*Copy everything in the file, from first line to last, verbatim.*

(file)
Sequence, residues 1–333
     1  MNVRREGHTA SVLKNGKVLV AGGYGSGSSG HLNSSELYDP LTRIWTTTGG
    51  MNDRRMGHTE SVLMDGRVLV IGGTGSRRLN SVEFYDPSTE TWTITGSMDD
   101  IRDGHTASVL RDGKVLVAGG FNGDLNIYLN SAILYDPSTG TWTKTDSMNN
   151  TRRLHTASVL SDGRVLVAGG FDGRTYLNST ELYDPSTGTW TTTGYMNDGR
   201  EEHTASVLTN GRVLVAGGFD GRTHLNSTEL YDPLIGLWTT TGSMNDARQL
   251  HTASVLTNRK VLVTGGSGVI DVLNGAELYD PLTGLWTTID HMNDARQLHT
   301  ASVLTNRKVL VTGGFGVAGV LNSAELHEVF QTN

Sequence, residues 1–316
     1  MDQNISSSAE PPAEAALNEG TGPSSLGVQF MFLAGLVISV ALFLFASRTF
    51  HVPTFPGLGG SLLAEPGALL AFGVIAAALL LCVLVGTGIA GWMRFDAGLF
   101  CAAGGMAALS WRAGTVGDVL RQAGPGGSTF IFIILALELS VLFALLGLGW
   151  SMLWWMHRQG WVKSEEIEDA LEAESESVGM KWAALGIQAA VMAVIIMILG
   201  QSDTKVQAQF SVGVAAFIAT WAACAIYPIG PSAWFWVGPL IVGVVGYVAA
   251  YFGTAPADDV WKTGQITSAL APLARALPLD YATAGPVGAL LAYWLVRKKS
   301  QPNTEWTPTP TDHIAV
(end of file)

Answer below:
Sequence, residues 1–333
     1  MNVRREGHTA SVLKNGKVLV AGGYGSGSSG HLNSSELYDP LTRIWTTTGG
    51  MNDRRMGHTE SVLMDGRVLV IGGTGSRRLN SVEFYDPSTE TWTITGSMDD
   101  IRDGHTASVL RDGKVLVAGG FNGDLNIYLN SAILYDPSTG TWTKTDSMNN
   151  TRRLHTASVL SDGRVLVAGG FDGRTYLNST ELYDPSTGTW TTTGYMNDGR
   201  EEHTASVLTN GRVLVAGGFD GRTHLNSTEL YDPLIGLWTT TGSMNDARQL
   251  HTASVLTNRK VLVTGGSGVI DVLNGAELYD PLTGLWTTID HMNDARQLHT
   301  ASVLTNRKVL VTGGFGVAGV LNSAELHEVF QTN

Sequence, residues 1–316
     1  MDQNISSSAE PPAEAALNEG TGPSSLGVQF MFLAGLVISV ALFLFASRTF
    51  HVPTFPGLGG SLLAEPGALL AFGVIAAALL LCVLVGTGIA GWMRFDAGLF
   101  CAAGGMAALS WRAGTVGDVL RQAGPGGSTF IFIILALELS VLFALLGLGW
   151  SMLWWMHRQG WVKSEEIEDA LEAESESVGM KWAALGIQAA VMAVIIMILG
   201  QSDTKVQAQF SVGVAAFIAT WAACAIYPIG PSAWFWVGPL IVGVVGYVAA
   251  YFGTAPADDV WKTGQITSAL APLARALPLD YATAGPVGAL LAYWLVRKKS
   301  QPNTEWTPTP TDHIAV